The baseball card industry has just one official pricing guide–Beckett. The master of the land gets to decide the baseline prices for all baseball cards. This mighty giant has decided that the growing upstart COMC can no longer use their prices online.
COMC is revolutionizing the baseball card industry by storing all the sellers cards in one location. COMC handles all the fulfillment of shipping and money transactions between the buyer and seller. For six years COMC relied on Beckett pricing. Now Beckett backs out. Beckett has yet to release an official statement. But one can only theorize that Beckett saw people going to COMC to get values for baseball cards; thereby leaving Beckett with less traffic to their own site. The knee-jerk reaction is to pull the plug on COMC’s prices.
Beckett thinks they can get away being a bully in the industry, but they will soon find out that they are no longer the giant they thought they were. Instead they will find out that they just made the competition even stronger. COMC is now developing their own price guide based on true market values.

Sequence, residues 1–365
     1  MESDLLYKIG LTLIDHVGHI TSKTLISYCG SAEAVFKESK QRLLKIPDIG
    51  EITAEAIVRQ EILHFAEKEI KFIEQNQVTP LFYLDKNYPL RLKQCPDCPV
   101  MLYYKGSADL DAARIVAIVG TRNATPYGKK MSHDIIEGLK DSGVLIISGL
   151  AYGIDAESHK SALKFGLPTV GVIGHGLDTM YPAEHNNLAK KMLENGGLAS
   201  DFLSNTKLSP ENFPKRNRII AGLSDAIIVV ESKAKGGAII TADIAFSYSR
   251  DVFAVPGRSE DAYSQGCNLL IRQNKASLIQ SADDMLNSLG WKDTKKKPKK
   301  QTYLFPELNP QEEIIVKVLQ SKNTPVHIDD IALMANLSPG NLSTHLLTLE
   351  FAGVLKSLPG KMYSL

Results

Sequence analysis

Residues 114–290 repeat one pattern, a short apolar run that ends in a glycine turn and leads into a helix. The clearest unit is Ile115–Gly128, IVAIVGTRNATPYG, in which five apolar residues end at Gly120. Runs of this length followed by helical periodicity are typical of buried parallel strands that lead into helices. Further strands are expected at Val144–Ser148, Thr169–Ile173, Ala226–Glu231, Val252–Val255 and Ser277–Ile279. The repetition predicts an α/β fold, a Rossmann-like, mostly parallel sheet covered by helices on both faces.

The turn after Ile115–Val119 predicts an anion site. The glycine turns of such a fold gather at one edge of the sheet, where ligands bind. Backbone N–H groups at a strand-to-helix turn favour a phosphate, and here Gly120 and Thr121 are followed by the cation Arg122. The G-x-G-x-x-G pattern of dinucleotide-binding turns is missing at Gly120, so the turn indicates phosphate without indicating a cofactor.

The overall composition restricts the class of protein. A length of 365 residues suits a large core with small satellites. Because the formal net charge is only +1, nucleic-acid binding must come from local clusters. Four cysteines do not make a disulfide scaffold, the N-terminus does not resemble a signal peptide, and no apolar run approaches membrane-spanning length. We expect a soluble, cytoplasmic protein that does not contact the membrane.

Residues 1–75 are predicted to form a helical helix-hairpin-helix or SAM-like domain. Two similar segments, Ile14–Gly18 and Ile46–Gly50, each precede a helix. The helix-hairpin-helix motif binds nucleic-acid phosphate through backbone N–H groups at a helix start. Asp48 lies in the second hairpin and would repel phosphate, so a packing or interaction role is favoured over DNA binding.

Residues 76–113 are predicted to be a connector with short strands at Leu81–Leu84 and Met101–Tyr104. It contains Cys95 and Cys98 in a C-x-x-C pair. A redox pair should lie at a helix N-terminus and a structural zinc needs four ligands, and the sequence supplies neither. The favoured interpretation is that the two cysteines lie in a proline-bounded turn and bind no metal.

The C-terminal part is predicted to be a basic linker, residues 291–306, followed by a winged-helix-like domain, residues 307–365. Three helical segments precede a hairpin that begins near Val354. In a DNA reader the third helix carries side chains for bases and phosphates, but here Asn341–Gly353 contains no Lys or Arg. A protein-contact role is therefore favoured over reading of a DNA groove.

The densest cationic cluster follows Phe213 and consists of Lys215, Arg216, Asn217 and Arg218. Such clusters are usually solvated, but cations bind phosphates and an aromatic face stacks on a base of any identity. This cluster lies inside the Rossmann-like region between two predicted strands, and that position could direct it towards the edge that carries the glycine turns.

As a Ryne Sandberg collector, the Beckett values are meaningless. I have my own budget and prices in mind when cards not in my collection surface. If the card is worth the asking price, then I’ll buy it. Simple as that.
Developing their own price guide is a good move for COMC. Cards are worth only as much as people are willing to pay for them. Their sales data will directly reflect that. Relying on a third party’s data may not directly reflect what’s actually happening in the marketplace.
A few highlighted observations from others in the baseball card industry, as posted on the COMC announcement:
It seems to me that Beckett has signed its own death certificate, it has had very little relevance for many years. I was a contributor to the magazine back when Dr. Beckett was still running the show, I